I am very happy to share a new article from a new contributing author with you today. MuseumLifestyle is growing and after articles from our friends in London and Switzerland, we’re happy we finally reached Sweden, too. My friend Janneke, who is also an art historian, moved to Sweden a couple of weeks ago and visited the brand new IKEA museum for us.
Did you know that Swedish furnisher retailer IKEA has its own museum? Plans for the museum became concrete in 2012, when the first IKEA store from 1958 was shut down. This very first store was located in Älmhult, the hometown of IKEA founder Ingvar Kamprad. Meanwhile IKEA’s products have become worth exhibiting, since they are not only supposed to be affordable and functional, but also feature a surprising design.
When I visited the peaceful small town Älmhult for the first time it was grey and covered in snow, and the museum wasn’t finished back then. Now in summer it’s bright and beautiful, fortunately chilly inside the museum. I would actually not have guessed it when I saw the shiny white façade first, but the original building from 1958 was preserved by Wilkinson Eyre Architects from UK and Uluas Arkitekter from Sweden.
“Welcome home”, that’s the quite refreshing slogan of the museum. And yes, you might feel rather at home as you pass by BILLY shelves, KLIPPAN sofas and other well-known evergreens that are brought together in a ‘Hall of fame’ while learning about IKEA’s past, present and future on 7.000 square meters.
The tour through the museum is made of three sections – Our Roots, Our Story and Your Story. There will also be two temporary exhibitions each year. The current temporary exhibition is about IKEA’s visions of the kitchen in the future as it was installed at Milan Furniture Fair in 2015 – and it almost looks like an art installation.
Beside the focus on the brand, the IKEA museum also tells the story of Sweden’s middleclass and the life in Sweden some decades ago, of historical interior, housing and all the things that shaped IKEA’s range and design – like the Stockholm Exhibition in 1930. This architectural exhibition did actually establish functionalism as a dominant style for Swedish houses.
But of course the museum also tells how Ingvar Kamprad built up his business as juvenile selling goods to the neighbours, and about his business ideas. He founded IKEA when he was 17 years old with the aim to produce affordable furniture, “to create a better everyday life for the many people”. And the museum houses a very auratic object: Kamprad’s simple and clean designed work desk by architect Karin Mobring, which stood in his bureau for many years.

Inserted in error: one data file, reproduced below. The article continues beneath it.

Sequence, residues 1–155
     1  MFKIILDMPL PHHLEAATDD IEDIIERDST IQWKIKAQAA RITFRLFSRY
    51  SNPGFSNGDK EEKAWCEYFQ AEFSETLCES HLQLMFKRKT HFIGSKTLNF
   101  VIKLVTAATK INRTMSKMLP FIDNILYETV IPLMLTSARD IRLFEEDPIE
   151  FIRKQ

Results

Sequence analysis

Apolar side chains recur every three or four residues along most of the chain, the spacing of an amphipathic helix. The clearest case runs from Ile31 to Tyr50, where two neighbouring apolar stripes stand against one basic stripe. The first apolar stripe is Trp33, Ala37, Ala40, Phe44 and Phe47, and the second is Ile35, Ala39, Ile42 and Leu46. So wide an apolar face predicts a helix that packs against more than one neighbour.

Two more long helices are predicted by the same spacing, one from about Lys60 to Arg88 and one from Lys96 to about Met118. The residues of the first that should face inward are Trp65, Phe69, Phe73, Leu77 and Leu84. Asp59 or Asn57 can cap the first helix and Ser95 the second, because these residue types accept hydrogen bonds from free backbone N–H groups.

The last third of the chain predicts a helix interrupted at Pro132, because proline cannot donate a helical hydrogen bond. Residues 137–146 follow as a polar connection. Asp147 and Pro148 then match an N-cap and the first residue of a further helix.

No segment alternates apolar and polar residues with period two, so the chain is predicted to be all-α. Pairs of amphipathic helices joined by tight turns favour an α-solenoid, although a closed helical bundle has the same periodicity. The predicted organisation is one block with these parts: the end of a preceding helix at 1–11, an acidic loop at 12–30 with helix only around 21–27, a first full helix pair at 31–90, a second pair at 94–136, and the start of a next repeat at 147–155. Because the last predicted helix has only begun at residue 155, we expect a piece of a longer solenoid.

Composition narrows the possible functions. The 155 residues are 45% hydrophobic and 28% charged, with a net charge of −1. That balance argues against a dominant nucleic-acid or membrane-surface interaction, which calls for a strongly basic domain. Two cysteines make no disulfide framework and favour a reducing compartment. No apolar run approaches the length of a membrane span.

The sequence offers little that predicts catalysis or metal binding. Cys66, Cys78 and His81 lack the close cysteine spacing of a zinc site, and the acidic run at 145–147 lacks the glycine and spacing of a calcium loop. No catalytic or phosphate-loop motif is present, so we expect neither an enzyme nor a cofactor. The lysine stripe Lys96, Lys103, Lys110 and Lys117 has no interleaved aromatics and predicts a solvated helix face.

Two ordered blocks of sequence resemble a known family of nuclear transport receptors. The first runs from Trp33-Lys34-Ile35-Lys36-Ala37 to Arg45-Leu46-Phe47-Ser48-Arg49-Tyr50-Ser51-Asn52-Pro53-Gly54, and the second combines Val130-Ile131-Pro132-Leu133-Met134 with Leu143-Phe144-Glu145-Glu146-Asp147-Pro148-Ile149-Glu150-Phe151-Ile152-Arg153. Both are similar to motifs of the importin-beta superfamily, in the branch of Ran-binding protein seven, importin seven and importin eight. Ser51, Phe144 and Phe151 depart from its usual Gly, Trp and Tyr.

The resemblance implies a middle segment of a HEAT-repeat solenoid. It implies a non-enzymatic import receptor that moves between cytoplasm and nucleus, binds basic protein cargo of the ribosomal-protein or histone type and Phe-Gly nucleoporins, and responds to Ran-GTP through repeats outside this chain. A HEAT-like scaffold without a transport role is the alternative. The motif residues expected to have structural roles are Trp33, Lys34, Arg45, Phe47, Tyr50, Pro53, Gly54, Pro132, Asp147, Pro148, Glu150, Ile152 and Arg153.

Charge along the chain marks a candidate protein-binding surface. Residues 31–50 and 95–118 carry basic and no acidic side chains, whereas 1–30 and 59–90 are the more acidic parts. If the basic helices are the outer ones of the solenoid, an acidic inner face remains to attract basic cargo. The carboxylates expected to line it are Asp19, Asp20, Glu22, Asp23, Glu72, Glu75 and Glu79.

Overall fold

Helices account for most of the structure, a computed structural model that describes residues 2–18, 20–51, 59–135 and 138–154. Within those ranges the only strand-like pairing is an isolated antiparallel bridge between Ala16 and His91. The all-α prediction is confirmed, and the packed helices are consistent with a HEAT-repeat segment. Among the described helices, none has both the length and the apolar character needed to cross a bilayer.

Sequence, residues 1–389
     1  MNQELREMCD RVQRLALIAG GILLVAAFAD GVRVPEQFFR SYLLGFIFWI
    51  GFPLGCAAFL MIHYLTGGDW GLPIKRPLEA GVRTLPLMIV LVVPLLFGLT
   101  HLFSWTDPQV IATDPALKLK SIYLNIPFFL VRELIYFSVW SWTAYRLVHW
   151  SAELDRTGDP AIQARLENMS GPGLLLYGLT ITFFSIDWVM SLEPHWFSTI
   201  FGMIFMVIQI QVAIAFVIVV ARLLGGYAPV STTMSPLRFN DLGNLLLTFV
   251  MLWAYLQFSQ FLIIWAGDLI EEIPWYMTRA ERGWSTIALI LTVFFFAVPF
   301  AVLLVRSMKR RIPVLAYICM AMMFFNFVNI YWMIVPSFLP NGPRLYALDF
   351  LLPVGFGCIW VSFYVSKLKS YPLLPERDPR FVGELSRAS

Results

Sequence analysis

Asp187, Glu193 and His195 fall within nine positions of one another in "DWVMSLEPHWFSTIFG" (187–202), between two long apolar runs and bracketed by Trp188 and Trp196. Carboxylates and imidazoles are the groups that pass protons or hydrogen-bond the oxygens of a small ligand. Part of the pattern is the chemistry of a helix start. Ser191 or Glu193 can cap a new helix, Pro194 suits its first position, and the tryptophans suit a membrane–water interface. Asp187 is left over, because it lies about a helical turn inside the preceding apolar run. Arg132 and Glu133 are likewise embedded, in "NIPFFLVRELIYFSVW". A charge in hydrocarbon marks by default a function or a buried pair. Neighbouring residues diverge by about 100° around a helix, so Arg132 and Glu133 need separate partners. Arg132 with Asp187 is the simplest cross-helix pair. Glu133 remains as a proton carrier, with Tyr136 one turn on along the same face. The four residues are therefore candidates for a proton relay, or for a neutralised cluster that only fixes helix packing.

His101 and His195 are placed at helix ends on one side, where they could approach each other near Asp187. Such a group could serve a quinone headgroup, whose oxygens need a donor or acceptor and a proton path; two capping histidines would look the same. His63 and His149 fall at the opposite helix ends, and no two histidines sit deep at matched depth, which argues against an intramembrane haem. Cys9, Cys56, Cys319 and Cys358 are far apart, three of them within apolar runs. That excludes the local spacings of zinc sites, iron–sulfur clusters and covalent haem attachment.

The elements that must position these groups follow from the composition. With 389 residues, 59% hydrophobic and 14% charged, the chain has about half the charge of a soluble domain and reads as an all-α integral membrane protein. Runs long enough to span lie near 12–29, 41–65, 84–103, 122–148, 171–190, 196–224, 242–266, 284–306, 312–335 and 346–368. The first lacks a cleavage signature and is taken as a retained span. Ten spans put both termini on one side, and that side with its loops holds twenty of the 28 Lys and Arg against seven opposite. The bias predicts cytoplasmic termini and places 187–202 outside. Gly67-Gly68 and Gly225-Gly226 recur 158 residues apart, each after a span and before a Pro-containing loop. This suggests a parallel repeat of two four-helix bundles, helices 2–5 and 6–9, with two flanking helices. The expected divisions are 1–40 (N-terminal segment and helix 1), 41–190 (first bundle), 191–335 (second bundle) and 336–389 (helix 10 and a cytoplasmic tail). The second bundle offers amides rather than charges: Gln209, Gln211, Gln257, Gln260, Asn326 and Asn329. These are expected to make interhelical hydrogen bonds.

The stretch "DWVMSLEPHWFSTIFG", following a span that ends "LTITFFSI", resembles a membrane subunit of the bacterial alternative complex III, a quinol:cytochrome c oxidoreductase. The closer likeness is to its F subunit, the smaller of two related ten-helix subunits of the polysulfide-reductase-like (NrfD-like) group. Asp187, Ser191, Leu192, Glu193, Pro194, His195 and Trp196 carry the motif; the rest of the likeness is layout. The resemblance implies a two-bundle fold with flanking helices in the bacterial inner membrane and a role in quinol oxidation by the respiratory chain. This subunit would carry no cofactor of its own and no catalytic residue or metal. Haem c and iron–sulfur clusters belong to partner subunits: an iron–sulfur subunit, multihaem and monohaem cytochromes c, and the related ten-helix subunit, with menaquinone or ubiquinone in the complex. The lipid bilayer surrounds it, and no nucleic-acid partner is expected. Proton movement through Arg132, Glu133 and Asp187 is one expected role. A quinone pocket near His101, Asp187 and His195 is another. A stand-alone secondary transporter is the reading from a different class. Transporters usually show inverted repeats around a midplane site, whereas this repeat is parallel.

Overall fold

Following up there are carefully reconstructed rooms from the fifties to the present next to old IKEA catalogues. These rooms are extremely authentic. Passing by the colorful living room from the nineties made me feel like I was a child again. So between the history and future of IKEA I found myself reminiscing. And I learned new things. Did you know that the IKEA logo was indeed brown and later on red for a short period? And that IKEA launched ranges made from denim in the seventies?
But the probably most exciting part for many visitors might be the set where you can become a model for an IKEA catalogue yourself. The first annual catalogue was published in 1951 by the way. A kitchen scene is built and equipped with various accessories, ready for you to step into the spotlight. You can also become part of the IKEA story by posting your own story about BILLY or KLIPPAN online.
Still the most inspiring part for me in the museum’s exhibition was to see how IKEA soft toys were designed in 2015: Brought to life from actual children’s paintings (ten different soft toys were sold in a limited edition), reminding me that it’s all about creativity. So the IKEA museum is about furniture fashion, inspiration and big ideas. But there was one thing that really surprised me, as I am used to big German exhibition openings with drinks and talks. There was no grand opening, following one of Ingvar Kamprad’s ideals: Keep it simple.
Last but not least there is the museum shop beside the restaurant, where you can eat Köttbullar and vegetarian Grönsaksbullar. If you want to know more about the brand I recommend you choose from one of the several books you can buy there like “IKEA. Design and identity” or even “Remake IKEA”, a guide on how to transform and X IKEA furniture.
The shop sells products exclusively from IKEA, of course. For the shop IKEA came up with quite a funny idea: You can buy miniatures of the most popular products like watering can IKEA PS 2002 with its organic, fluid shape, and also key chains with the famous ALLEN key in funky colors, one of the other most essential things at IKEA.
So if you are into fun design you should visit the museum. And if you don’t like couch surfing or hostels, why not stay in the IKEA hotel right across the museum?